An amendment to the Charter of the City of Cincinnati to phase out and repeal the tax on real and personal property in the City.
Be it resolved by the people of Cincinnati that Section 3 of Article VIII of the Charter is hereby repealed and replaced with the following text
Section 3. Consistent with the provisions of this Article, the council may annually levy a tax for current operating expenses on the real and personal property in the city for the purposes of the City of Cincinnati, its boards, departments and institutions. Beginning with the 2006 tax year, the maximum allowable rate of such tax shall not exceed four (4) mills on the dollar of assessed valuation. Thereafter, the maximum allowable rate of such tax. shall be reduced by five tenths (0.5) mill per year, until the property tax has been reduced to zero (0) in the 2014 tax year.
SHALL EXISTING ARTICLE VIII, SECTION 3 BE REPEALED IN ITS ENTIRETY, AND REPLACED WITH THE ABOVE TEXT?
- What the Amendment Would Do: This issue proposes to amend the Taxation
and Finance article (Article VIII - Section 3) of the Charter of the
City of Cincinnati. If passed, the amendment would, over the next nine
years, reduce and phase out the property tax that the City Council
levies for current operating expenses of the City of Cincinnati, its
boards, departments and institutions.
- Explanation and Background: This proposed Charter amendment, beginning
with the 2006 tax year, would reduce the maximum allowable property tax
rate for general operating purposes to 4.00 mills. In succeeding years,
the maximum allowable rate of the property tax would be reduced by five
tenths (0.50) mill per year until the property tax rate has been reduced
to zero (0) in the 2014 tax year. The City property tax on real and
personal property would be eliminated over the coming decade and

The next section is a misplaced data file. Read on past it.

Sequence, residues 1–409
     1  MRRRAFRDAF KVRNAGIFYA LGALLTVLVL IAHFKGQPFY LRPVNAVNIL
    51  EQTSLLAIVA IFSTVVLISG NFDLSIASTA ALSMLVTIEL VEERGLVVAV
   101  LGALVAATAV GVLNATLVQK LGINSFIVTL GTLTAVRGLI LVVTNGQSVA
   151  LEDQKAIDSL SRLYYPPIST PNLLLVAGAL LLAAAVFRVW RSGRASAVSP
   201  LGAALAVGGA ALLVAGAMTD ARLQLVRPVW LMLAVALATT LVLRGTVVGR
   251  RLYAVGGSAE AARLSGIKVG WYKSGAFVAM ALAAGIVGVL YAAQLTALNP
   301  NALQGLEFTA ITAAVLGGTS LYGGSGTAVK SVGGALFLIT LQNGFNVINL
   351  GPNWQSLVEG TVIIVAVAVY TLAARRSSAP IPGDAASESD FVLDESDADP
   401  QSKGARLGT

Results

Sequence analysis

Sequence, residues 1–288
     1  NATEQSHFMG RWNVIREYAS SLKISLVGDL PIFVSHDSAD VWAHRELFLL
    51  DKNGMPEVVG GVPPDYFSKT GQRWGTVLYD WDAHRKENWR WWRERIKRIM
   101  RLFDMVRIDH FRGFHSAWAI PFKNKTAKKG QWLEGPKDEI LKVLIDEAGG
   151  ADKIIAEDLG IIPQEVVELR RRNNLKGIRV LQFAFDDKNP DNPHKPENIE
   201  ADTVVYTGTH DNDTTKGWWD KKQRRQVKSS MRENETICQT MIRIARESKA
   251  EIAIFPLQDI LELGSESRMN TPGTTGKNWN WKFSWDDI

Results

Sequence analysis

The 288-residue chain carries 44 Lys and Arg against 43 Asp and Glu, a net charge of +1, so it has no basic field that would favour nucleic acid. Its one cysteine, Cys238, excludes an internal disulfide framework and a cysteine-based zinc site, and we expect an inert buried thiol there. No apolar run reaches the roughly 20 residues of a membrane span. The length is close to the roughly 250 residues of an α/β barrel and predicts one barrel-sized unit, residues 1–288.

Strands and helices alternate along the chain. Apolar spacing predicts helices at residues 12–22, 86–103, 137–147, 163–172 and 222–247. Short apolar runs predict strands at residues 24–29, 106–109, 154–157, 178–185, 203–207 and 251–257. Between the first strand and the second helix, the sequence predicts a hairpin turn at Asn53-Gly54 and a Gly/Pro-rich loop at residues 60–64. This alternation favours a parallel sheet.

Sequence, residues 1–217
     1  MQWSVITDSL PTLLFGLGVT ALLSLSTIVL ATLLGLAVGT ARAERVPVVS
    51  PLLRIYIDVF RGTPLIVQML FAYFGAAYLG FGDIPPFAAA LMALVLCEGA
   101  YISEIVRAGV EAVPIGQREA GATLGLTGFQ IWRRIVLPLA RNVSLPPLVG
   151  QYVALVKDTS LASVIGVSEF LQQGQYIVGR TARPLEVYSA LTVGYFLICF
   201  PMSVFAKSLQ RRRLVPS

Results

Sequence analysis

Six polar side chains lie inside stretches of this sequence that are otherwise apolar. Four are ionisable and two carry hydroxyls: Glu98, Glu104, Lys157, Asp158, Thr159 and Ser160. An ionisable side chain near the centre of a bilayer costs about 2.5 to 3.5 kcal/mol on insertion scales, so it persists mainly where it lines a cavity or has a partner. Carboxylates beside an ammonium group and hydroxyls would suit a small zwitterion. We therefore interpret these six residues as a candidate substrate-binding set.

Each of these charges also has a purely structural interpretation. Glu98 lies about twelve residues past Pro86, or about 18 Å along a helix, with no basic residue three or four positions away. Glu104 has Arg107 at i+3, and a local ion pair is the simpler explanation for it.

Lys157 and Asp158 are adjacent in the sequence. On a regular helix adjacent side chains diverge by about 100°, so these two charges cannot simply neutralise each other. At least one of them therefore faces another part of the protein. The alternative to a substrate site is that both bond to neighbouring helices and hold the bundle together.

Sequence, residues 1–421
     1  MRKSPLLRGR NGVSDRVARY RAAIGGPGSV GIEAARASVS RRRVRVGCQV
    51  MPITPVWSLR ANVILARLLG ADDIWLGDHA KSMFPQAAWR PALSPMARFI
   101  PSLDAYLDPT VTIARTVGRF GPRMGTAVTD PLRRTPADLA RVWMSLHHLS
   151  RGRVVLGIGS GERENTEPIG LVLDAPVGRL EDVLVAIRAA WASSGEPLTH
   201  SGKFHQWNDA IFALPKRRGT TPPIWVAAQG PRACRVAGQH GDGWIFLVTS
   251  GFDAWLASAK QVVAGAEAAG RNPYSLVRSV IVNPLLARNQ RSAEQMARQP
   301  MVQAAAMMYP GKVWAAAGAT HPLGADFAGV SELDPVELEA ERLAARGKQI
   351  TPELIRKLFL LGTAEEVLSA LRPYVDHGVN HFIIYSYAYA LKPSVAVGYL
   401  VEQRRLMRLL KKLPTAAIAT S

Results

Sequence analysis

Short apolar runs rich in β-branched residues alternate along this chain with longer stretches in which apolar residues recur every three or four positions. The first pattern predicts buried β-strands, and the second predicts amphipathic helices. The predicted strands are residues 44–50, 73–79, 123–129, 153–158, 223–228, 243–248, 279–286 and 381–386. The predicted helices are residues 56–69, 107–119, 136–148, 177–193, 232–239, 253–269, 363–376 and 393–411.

thereafter Council would be prohibited from levying any property tax for
current operating expenses.
- At the present time, the Charter of the City of Cincinnati authorizes a
property tax levy up to 6.1 mills on the dollar of assessed valuation
for current operating expenses. The City Council sets the rate annually
in the fall. Currently the rate is 4.98 mills on the dollar of assessed
valuation. The property tax along with City income tax, state shared
revenues, and investment earnings are the major components of the City
General Fund providing approximately 86% of General Fund revenues. The
General Fund property taxes, accounting for approximately 9% of the
General Fund, are levied on real property, public utilities and tangible
personal property. Real property consists of residential, agricultural,
commercial and industrial land and buildings. Personal property is
equipment, machinery and inventory of businesses. The General Fund
provides for general government operations such as police and fire
services, health clinics, solid waste collection, parks and recreation,
and building code enforcement among other operations.
- In 2005, General Fund Revenues are estimated to be $318 million and
Property Tax revenues for current operating expenses are estimated to be
$29 million. The City Property Tax millage for current operating
expenses amounts to approximately 7.8% of the total property tax paid by
- The city property tax is collected by Hamilton County along with all
the other county and school property taxes. The City property tax
portion is returned to the City. If passed, this amendment would affect
only the portion of property taxes which a city resident pays to the
city for current operating expenses. A city resident would continue
paying property taxes to the City for debt service and related costs on
bonds and notes and to the School District and to the County for special
levies and general purposes.
- A similar amendment was proposed by initiative petition, voted on in
November, 2004, and did not prevail.
- Those in favor say:
- This amendment would impose fiscal discipline on City Council so that
Council would not spend too much money.
- People are leaving the City because property taxes are too high.
- Those opposed say:
- It is fiscally imprudent to roll back property taxes to zero without
any plan to replace the lost revenue from the property tax.
- This Charter amendment would take away the flexibility of City
Council to set property tax rates according to budget revenue needs.
- This information was prepared by the League of Women Voters of the Cincinnati Area. September 2005.
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- City of Cincinnati